wall street analyts
(L-R) Corinna Freedman, Sam Poser and Camilo Lyon.

On a humid summer afternoon in New York City, three key market watchers who have convened at Footwear News’ headquarters to discuss the current state of retail are hard-pressed to find a jumping-off point. Store closures, bankruptcies, consumer shifts and the effect of one hard-to-ignore e-tail giant are all top-of-mind.

“There is definitely the structural concern — Amazon is having an impact on every retailer,” Canaccord Genuity Inc. analyst Camilo Lyon said, breaking the ice reflectively. “That’s fairly well-understood, and it’s becoming the de facto way of thinking.”

Nevertheless, company- and sector-specific shortcomings are hard to ignore, noted Susquehanna Financial Group LLLP analyst Sam Poser. “When it comes to how badly department stores are doing — it’s suicide and not murder,” he said bluntly of the meltdown, which has seen Nordstrom, Macy’s, Sears and J.C. Penney resort to a variety of tactics, including store closures and layoffs. “[These retailers] cannot say that external forces are doing this to them.”

Both Lyon and Berenberg Capital Markets LLC analyst Corinna Freedman* agreed that the effect of Amazon and other digital developments may be overblown in some cases and that other factors have significantly contributed to negative trends. “Assortment mix is definitely a problem for department stores — they have way too much apparel,” Freedman said.

In a spirited conversation, Lyon, Freedman and Poser got candid on retail’s biggest challenges, its most equipped performers and what it will take to power through.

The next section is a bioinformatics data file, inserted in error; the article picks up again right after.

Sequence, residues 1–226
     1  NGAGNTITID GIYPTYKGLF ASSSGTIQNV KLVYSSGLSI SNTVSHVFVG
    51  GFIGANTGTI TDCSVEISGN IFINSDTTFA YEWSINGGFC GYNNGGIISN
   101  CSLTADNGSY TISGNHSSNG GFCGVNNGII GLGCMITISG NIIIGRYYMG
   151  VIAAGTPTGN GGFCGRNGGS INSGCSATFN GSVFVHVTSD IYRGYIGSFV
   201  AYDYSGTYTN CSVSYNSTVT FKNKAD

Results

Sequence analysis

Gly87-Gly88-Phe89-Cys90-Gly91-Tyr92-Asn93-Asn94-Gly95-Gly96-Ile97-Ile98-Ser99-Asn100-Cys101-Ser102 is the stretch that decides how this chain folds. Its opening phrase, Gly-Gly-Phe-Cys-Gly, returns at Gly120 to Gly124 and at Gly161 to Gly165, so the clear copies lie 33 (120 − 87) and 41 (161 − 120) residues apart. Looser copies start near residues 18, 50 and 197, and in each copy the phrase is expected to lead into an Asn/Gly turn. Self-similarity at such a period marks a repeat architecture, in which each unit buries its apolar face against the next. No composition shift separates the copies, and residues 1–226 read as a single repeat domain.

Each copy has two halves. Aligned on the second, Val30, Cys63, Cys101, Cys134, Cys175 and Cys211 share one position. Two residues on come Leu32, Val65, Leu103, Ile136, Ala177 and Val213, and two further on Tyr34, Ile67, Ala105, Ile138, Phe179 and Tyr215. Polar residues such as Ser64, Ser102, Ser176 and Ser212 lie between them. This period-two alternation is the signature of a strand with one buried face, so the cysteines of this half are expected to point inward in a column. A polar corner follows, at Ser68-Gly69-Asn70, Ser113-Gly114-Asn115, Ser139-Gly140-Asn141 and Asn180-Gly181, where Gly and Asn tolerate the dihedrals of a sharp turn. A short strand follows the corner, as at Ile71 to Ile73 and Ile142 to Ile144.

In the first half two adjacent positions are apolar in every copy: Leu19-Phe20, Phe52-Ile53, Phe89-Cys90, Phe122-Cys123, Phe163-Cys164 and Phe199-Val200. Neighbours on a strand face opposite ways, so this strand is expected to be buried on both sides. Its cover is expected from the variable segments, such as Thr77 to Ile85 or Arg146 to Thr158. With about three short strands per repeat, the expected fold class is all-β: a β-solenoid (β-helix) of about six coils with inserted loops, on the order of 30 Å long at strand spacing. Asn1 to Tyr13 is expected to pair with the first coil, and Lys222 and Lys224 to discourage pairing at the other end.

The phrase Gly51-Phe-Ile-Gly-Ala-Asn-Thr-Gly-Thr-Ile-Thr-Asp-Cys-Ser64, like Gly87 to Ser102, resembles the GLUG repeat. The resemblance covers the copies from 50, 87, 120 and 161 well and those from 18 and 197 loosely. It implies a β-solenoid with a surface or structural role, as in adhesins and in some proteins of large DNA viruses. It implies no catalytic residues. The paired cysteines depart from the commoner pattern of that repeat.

What were the key issues impacting fashion firms in the first half of 2017?

SP: “This year is one of the weirdest calendars for retail that we’ve ever seen — everybody has gotten hurt by it. Tax returns move out of February into March, and Easter moves out of March into April and so on. The only company that had a good Q1 — and it wasn’t because their business was great but that they guided well — was Caleres with Famous Footwear. In general, though, business isn’t as bad as everyone is making it out to be.”

CL: “Amazon is affecting every retailer. However, within athletic, the bigger issue has been the cyclical [problem] that started with Nike going through an innovation lull last year. This year, more of Nike’s platforms have decelerated quicker, so it’s harder to mask those issues on top of the fact that you have everything that was strong for Adidas last year starting to slow down and contract. On the fashion side, we’re seeing more of the disintermediation impact because a lot of the channels that those brands sell through are seeing a slowdown from [Amazon’s] impact.”

CF: “We’ve had so much in the first half: the Amazon overhang, a terrible calendar and [dismal] weather. March through May was one of the wettest seasons we’ve had over the last 100 years, and June continued to be overly wet. Americans don’t shop when it’s rainy, and 80 percent of sales are still in brick-and-mortar. I believe sales have improved since the weather became more seasonable in July. I expect that we will see a nice inflection for the second…